posted by David Donley on Wed 9th Jun 2004 18:53 UTC

"Mdk 10, Page 3/3"
I was experimenting a bit with it on a spare machine. It is a Fujitsu Lifebook Laptop. 800Mhz and 128MB RAM 20GB Hard disk, which I formatted to XFS filesystem. There was no problems there, Mandrake installed and ran perfectly on the laptop and detected all the hardware, I decided to try the webcam here using Hotplug... I started it as a service and tried plugging in the webcam. Like I said, it was not detected during the install on the main PC. Hotplug also did not detect it on the laptop. I suppose I expected that anyway I then reset the computer, it froze when it tried to shut down the Hotplug process. The next time I booted the laptop, it asked for a filesystem check. I let it do that and it carried on... until the Hotplug service. At this point the system froze again. I have read that if you leave kernel version 2.6 running for about 5 minutes after a crash, that it will recover. I left it 10 minutes and it did carry on to start KDE. I checked all the system logs to see at what point exactly the freeze occurred. It was indeed Hotplug trying to activate the webcam. It had found a device on the usb port, but did not load any driver for it as it, as it could not fully detect what was plugged in. I opened up the process manager and removed the Hotplug service. Hotplug had been disabled during install on both machines by default, now I know why. BUT, this can also help to displace some myths.. I had a problem, and was able to deal with it using the GUI only. I did not have to drop to the command line and enter some obscure commands.

An update on the webcam... I downloaded a driver for it, and installed it as a module. Simple in the end :)

Using the digicam is a dream. It sets itself up as an icon on the desktop, double click the icon (providing of course, that you set KDE up to open things with a double click), will open the camera as if it is another hard drive partition. Then the pictures on the camera can be viewed, moved to hard disk, edited, whatever... As usual, Mandrake 10 comes with a plethora of programs for editing/viewing pictures, like The Gimp, the ubiquitous open source Photoshop equivalent. Version 1.2 is included, which might seem a little old, but it is totally stable. I would rather have that when I would be dealing with the pictures I taken on holiday. FlPhoto is also a wonderful program with dealing with your own pictures, it will create albums and let you view them as slideshows. Mandrake 10 uses the GPhoto 2 camera database for cameras that are not using automatically added like a drive. I found this strange, as the database for all the camera drives appeared to be about 3 megabytes. I would not even dare to guess how big that driver database would be on Windows.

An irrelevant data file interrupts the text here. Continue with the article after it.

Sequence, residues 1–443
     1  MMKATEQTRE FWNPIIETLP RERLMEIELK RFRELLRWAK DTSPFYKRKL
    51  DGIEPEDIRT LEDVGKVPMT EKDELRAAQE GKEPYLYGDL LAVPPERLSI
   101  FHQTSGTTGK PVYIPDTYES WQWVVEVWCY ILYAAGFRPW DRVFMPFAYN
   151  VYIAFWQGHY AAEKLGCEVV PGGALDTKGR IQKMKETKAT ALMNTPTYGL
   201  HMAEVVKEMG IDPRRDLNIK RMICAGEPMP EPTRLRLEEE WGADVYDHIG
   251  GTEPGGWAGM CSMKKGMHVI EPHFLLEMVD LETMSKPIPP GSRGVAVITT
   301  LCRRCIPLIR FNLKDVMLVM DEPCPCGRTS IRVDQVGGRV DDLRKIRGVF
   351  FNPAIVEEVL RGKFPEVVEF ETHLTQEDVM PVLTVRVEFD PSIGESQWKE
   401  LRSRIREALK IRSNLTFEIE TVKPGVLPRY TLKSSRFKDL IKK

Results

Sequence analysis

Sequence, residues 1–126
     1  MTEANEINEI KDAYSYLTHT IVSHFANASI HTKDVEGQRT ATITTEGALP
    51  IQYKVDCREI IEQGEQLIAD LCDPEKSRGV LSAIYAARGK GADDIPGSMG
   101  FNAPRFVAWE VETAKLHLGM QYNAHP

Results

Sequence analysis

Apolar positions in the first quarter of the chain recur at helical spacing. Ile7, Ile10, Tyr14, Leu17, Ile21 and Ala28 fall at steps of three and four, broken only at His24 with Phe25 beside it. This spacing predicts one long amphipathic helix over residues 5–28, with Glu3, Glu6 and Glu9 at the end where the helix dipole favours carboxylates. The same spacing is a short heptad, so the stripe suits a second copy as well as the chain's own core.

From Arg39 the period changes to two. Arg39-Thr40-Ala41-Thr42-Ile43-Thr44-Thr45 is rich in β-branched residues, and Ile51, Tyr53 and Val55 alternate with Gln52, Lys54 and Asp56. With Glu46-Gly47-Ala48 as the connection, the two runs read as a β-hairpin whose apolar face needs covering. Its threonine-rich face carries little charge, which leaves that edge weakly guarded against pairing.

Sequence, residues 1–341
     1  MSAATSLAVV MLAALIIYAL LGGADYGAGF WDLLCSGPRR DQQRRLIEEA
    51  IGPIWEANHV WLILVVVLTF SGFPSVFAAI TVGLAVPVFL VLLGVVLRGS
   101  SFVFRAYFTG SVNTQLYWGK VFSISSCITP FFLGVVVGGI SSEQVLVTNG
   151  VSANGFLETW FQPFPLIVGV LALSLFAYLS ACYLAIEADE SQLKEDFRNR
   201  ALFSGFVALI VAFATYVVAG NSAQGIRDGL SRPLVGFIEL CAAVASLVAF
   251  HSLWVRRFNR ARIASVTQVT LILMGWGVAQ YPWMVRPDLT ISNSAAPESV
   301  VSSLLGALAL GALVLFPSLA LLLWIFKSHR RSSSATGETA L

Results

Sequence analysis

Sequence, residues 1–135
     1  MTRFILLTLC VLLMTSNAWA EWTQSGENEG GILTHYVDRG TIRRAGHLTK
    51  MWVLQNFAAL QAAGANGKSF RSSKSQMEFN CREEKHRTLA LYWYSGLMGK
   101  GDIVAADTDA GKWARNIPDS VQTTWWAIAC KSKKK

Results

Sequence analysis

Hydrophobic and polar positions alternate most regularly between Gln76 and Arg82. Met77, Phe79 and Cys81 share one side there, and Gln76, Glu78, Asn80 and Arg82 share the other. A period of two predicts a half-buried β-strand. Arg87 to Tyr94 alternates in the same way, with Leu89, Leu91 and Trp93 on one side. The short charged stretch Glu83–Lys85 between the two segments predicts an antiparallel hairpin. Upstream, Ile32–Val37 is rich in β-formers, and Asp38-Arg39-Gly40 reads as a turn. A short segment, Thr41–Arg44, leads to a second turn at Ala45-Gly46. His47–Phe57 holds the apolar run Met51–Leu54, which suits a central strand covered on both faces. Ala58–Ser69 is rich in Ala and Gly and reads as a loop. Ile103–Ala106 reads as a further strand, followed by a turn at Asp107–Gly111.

There are loads of games on the installation disks, and whenever anyone mentions Linux games, they always talk about Frozen-Bubble and Tuxracer.. I will not. I will however tell you about three of my favourite games..

Samegame, which is a type of puzzle game where you click on collections of orbs of the same colour, this makes them disappear and the ones above it to drop down to fill the spaces. It is very very addictive, although, I do not know why. Lbreakout 2 is a Linux clone of the old arcade game Arkanoid, including bat power ups and great sound effects. ArmageTron is a Tron bike clone in 3D. It can also be played over the internet. It is hard to play but well worth it once you master it.

I used to play a lot of games on my Windows system. My favourite game of all time was Enemy Territory. There is a Linux version of this, so I downloaded and installed it. Sweet. I have tried comparisons between the Linux and Windows versions, the Linux version loads maps far faster on this machine than the Windows version. This can be critical on some maps were the enemy spawns very close to you. It gives you time to prepare the attack. :)

I have tried over and over to fault Mandrake 10, and apart from that one crash in KDE and the missing software I use, I cannot find any faults. I was going to give it a mark out of 10, but instead I will give it a percentage mark. 98%. Very good but still a very slight margin for improvement.

About the author
I live in Belfast Northern Ireland and have studied computer science to masters degree level.

Table of contents
  1. "Mdk 10, Page 1/3"
  2. "Mdk 10, Page 2/3"
  3. "Mdk 10, Page 3/3"
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